In a unanimous decision, the Supreme Court on Monday overturned the conviction of anti-gay former Virginia Governor Bob McDonnell, who had been sentenced to two years in prison for corruption.
“Setting up a meeting, calling another public official or hosting an event does not, standing alone, qualify as an ‘official act,’ ” Chief Justice John G. Roberts Jr. wrote for the court.
Prosecutors may seek to retry Mr. McDonnell, but under a stricter standard.
“Because the jury was not correctly instructed on the meaning of ‘official act,’ it may have convicted Governor McDonnell for conduct that is not unlawful,” Chief Justice Roberts wrote. “For that reason, we cannot conclude that the errors in the jury instructions were ‘harmless beyond a reasonable doubt.’ We accordingly vacate Governor McDonnell’s convictions.”
“There is no doubt that this case is distasteful; it may be worse than that,” the chief justice wrote. “But our concern is not with tawdry tales of Ferraris, Rolexes and ball gowns. It is instead with the broader legal implications of the government’s boundless interpretation of the federal bribery statute. A more limited interpretation of the term ‘official act’ leaves ample room for prosecuting corruption, while comporting with the text of the statute and the precedent of this court.”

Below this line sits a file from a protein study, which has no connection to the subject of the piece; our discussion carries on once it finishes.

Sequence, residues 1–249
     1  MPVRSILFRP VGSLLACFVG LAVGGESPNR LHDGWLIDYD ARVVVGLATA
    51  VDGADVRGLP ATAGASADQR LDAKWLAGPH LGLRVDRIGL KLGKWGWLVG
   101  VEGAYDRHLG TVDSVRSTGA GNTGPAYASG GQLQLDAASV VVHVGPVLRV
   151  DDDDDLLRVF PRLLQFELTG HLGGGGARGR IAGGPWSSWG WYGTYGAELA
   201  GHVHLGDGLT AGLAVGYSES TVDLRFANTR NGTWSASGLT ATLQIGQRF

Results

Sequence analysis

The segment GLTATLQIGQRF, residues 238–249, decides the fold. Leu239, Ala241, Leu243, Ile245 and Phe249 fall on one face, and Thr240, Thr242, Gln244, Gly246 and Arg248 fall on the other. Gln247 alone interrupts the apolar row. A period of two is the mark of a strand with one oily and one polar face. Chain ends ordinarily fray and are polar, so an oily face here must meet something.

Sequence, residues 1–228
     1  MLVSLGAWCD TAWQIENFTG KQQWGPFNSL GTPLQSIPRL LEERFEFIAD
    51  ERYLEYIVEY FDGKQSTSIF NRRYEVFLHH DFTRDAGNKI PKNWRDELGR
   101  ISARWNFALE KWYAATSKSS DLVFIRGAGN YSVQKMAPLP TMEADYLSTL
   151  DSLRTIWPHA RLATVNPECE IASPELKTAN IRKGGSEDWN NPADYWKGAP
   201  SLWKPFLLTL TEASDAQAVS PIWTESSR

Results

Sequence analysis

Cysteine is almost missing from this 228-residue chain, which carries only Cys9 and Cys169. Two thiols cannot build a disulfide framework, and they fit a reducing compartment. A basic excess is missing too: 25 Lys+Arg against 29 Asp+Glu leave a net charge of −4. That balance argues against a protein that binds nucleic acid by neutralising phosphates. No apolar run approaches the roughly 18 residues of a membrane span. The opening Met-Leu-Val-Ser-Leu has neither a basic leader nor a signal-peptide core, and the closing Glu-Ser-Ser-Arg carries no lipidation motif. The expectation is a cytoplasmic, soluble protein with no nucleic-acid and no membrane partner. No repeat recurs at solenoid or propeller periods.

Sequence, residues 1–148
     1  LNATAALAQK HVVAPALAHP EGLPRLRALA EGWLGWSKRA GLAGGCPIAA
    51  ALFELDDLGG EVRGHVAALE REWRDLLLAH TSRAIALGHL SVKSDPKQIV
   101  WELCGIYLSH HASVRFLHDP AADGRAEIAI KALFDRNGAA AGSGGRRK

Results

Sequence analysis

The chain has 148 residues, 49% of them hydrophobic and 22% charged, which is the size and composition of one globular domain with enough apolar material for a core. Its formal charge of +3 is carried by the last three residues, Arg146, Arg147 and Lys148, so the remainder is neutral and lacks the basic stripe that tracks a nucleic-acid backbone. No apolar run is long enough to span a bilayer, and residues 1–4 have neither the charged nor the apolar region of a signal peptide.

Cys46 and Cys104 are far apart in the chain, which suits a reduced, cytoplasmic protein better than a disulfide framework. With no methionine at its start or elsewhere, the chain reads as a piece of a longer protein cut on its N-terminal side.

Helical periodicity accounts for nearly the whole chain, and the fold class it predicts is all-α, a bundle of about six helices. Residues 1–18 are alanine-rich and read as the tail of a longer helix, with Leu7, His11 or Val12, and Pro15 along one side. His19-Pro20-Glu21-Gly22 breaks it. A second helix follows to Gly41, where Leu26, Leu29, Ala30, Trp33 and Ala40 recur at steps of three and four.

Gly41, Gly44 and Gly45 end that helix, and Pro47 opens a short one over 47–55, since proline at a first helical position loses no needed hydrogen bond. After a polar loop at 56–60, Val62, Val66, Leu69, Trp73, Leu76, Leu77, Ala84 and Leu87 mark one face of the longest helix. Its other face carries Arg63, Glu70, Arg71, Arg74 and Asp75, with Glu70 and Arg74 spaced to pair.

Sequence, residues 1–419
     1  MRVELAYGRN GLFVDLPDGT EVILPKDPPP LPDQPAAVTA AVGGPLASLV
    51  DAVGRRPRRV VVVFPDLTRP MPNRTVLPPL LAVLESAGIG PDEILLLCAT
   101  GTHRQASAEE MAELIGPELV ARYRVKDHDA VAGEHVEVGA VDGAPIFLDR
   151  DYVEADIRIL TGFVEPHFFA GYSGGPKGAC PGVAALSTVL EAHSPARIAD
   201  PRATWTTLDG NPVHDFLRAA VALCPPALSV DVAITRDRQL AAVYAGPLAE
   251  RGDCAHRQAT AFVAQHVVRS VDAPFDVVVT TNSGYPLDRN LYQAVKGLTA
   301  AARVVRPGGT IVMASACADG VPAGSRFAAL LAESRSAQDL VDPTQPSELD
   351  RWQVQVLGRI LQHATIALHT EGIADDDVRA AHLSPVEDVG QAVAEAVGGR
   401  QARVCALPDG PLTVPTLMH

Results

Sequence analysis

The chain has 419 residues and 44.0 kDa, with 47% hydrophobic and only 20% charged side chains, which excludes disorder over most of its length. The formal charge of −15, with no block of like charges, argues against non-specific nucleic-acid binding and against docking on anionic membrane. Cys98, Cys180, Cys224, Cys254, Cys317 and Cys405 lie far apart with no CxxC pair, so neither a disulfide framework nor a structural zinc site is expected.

McDonnell fell from grace in stunning fashion. Once a Pat Robertson-approved ‘family values’ Republican, McDonnell’s marital troubles were laid bare in a trial that saw him pitted against his wife.
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More on the backstory of McDonnell’s conviction from Politico:
A jury convicted the Virginia Republican on 11 corruption-related felony counts in 2014, including “honest services” fraud, extortion and conspiracy.
Evidence showed McDonnell and his wife accepted over $175,000-worth of loans and gifts, such as vacations, designer clothes and a Rolex watch, from a businessman seeking the state’s help in promoting a tobacco-based dietary supplement. McDonnell also borrowed a Ferrari from the businessman, Johnnie Williams, who turned state’s evidence and was not prosecuted.
McDonnell was sentenced to two years in prison, but never began serving the time after the Supreme Court put his sentence on hold last year.